For a long time, the sheer size of CRT monitors led many users to assume the monitor was the computer, and if they thought about the box below the desk at all, they thought it was “the hard-drive”. Now that monitors are much slimmer, people understand that the monitor is just a display mechanism, and the computer actually is under the desk.
Where it all goes a little confusing is when the computer in question isn’t near the display in front of the user – remote desktop, remote assistance, and the like. Even more flummoxing seems to be the notion of servers in general – for some reason a computer without a display unit doesn’t seem to be easily understandable. Despite the familiarity of the web, the idea that accessing a website involves a computer, often running a familar operating system, somewhere remote, seems a difficult one.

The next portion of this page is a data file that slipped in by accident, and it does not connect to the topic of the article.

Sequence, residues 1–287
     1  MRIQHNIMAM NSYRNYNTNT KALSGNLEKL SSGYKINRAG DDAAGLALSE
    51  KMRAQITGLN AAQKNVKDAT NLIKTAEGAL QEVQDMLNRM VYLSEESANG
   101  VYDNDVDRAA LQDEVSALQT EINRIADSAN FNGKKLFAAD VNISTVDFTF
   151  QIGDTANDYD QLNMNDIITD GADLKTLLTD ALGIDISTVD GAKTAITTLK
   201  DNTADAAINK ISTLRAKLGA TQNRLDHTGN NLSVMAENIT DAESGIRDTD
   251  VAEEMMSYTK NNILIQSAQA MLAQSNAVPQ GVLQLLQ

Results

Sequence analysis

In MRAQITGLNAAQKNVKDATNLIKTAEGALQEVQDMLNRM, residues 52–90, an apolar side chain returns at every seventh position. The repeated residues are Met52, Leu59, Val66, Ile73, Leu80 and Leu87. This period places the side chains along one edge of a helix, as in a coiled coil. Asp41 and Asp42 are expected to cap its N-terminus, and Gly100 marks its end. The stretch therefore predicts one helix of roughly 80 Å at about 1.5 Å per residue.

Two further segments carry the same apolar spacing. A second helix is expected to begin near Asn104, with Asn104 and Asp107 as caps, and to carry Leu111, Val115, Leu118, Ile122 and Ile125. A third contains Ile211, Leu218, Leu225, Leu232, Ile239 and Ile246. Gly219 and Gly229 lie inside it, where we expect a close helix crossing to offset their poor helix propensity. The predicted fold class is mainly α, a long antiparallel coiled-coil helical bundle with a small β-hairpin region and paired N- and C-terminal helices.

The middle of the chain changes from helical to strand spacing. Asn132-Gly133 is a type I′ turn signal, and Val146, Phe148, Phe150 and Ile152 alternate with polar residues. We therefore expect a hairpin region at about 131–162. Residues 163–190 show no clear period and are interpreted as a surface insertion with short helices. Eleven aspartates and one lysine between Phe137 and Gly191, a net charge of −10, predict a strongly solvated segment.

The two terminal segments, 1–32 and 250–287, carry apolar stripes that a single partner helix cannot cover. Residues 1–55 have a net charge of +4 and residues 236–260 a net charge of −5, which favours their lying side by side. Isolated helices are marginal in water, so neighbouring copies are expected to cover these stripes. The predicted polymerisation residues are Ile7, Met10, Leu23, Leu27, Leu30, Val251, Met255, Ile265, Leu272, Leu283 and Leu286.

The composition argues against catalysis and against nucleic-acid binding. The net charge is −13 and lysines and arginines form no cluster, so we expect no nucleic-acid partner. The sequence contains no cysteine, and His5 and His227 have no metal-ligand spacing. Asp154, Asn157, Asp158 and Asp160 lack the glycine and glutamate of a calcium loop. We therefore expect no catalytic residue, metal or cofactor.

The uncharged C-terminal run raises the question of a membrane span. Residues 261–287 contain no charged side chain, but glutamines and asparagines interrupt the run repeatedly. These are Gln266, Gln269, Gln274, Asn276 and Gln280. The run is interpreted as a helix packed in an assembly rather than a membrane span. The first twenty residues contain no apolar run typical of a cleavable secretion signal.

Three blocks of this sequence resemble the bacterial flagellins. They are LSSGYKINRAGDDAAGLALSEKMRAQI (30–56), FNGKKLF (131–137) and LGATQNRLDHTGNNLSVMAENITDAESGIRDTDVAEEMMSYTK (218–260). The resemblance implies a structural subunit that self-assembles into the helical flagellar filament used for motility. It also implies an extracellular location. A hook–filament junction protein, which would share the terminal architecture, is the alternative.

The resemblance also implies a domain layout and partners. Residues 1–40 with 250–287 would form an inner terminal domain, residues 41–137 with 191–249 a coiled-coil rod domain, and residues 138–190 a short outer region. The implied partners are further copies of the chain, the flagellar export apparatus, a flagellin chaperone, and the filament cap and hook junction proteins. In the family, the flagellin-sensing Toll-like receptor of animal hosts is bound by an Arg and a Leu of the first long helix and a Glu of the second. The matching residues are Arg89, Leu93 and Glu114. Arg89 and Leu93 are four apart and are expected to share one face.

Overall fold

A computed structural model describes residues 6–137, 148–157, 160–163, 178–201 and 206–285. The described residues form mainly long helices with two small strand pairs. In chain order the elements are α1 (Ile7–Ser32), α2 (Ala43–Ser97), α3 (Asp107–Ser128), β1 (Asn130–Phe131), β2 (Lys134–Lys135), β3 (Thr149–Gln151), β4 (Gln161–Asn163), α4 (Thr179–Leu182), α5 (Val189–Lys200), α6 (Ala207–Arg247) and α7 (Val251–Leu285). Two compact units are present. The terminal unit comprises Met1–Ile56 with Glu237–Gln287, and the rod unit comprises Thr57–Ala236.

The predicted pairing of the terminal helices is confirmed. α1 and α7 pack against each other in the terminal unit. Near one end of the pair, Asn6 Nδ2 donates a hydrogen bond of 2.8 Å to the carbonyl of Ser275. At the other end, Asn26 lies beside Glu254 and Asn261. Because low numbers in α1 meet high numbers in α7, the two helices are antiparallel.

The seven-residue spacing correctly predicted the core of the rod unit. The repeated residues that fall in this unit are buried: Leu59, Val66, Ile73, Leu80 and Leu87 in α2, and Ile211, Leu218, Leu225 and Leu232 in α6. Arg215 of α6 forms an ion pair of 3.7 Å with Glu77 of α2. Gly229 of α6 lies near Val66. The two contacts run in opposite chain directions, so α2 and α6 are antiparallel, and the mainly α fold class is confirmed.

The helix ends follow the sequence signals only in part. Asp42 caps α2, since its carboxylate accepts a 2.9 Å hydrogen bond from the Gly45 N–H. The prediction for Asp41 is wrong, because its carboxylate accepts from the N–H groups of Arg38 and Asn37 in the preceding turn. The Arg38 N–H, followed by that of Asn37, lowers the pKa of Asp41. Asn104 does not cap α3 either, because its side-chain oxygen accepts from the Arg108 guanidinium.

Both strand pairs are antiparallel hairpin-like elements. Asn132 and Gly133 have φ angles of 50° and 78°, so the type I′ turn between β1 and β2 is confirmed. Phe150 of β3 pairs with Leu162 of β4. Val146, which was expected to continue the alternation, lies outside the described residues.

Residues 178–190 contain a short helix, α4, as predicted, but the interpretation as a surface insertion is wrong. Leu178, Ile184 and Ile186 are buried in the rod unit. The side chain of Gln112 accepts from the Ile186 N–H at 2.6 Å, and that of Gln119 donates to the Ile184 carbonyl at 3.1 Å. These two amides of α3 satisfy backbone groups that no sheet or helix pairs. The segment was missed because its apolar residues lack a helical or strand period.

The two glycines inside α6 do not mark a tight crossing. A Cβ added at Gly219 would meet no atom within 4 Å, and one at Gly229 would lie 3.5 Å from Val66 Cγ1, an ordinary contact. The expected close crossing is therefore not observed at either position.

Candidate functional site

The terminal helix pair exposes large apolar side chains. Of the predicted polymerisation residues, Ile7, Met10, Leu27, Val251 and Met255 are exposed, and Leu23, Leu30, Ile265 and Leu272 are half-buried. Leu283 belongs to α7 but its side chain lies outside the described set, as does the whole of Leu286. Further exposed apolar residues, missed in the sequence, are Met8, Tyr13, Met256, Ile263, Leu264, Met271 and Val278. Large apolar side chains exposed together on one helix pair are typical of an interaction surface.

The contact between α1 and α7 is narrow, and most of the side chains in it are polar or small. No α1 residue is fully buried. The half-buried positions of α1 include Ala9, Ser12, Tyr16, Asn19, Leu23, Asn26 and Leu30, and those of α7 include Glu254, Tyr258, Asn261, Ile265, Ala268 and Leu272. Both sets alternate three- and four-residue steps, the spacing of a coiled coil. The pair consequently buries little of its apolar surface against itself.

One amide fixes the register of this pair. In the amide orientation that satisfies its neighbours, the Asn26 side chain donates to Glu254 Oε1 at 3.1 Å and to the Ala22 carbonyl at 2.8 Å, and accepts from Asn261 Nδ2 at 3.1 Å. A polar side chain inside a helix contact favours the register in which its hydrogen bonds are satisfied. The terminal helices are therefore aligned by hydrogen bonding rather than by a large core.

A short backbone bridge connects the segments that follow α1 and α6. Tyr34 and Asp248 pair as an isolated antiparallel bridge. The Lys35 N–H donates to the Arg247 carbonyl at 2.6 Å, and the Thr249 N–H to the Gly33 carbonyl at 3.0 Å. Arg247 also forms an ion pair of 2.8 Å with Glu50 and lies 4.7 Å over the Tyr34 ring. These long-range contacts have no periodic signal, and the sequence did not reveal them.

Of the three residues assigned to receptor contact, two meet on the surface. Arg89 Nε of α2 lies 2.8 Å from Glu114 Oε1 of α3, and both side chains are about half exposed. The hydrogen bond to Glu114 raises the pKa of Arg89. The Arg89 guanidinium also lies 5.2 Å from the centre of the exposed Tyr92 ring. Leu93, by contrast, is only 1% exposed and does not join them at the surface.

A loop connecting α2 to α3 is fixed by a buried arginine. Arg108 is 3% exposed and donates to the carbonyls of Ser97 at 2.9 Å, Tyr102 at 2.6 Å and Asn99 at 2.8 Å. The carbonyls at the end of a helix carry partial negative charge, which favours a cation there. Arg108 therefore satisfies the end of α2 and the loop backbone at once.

Any More?
Have I missed any other concepts that are repeatedly misunderstood? Any common problems you have to deal with? Let me know!